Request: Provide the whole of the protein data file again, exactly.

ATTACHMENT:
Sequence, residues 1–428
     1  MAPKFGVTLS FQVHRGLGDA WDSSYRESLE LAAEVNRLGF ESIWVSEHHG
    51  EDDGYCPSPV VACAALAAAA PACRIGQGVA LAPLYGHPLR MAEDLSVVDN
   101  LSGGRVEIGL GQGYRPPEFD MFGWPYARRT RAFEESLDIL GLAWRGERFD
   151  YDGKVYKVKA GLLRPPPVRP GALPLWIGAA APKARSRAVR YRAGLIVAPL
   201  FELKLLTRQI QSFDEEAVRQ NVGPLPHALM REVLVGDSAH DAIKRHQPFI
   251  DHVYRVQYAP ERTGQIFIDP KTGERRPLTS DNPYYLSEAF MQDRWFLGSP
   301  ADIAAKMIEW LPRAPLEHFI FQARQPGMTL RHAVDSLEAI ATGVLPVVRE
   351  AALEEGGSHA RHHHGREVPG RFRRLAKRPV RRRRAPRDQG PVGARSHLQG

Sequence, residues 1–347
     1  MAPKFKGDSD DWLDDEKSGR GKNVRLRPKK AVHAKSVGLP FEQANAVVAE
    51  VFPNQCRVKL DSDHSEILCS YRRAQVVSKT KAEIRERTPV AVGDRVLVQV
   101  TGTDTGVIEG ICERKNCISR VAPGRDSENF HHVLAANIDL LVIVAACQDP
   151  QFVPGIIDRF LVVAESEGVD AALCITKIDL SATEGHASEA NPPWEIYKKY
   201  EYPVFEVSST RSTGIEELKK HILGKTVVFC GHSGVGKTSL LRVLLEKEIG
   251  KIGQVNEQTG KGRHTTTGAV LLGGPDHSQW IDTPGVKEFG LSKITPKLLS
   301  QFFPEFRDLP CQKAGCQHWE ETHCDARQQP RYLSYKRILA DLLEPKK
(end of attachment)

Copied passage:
Sequence, residues 1–428
     1  MAPKFGVTLS FQVHRGLGDA WDSSYRESLE LAAEVNRLGF ESIWVSEHHG
    51  EDDGYCPSPV VACAALAAAA PACRIGQGVA LAPLYGHPLR MAEDLSVVDN
   101  LSGGRVEIGL GQGYRPPEFD MFGWPYARRT RAFEESLDIL GLAWRGERFD
   151  YDGKVYKVKA GLLRPPPVRP GALPLWIGAA APKARSRAVR YRAGLIVAPL
   201  FELKLLTRQI QSFDEEAVRQ NVGPLPHALM REVLVGDSAH DAIKRHQPFI
   251  DHVYRVQYAP ERTGQIFIDP KTGERRPLTS DNPYYLSEAF MQDRWFLGSP
   301  ADIAAKMIEW LPRAPLEHFI FQARQPGMTL RHAVDSLEAI ATGVLPVVRE
   351  AALEEGGSHA RHHHGREVPG RFRRLAKRPV RRRRAPRDQG PVGARSHLQG

Sequence, residues 1–347
     1  MAPKFKGDSD DWLDDEKSGR GKNVRLRPKK AVHAKSVGLP FEQANAVVAE
    51  VFPNQCRVKL DSDHSEILCS YRRAQVVSKT KAEIRERTPV AVGDRVLVQV
   101  TGTDTGVIEG ICERKNCISR VAPGRDSENF HHVLAANIDL LVIVAACQDP
   151  QFVPGIIDRF LVVAESEGVD AALCITKIDL SATEGHASEA NPPWEIYKKY
   201  EYPVFEVSST RSTGIEELKK HILGKTVVFC GHSGVGKTSL LRVLLEKEIG
   251  KIGQVNEQTG KGRHTTTGAV LLGGPDHSQW IDTPGVKEFG LSKITPKLLS
   301  QFFPEFRDLP CQKAGCQHWE ETHCDARQQP RYLSYKRILA DLLEPKK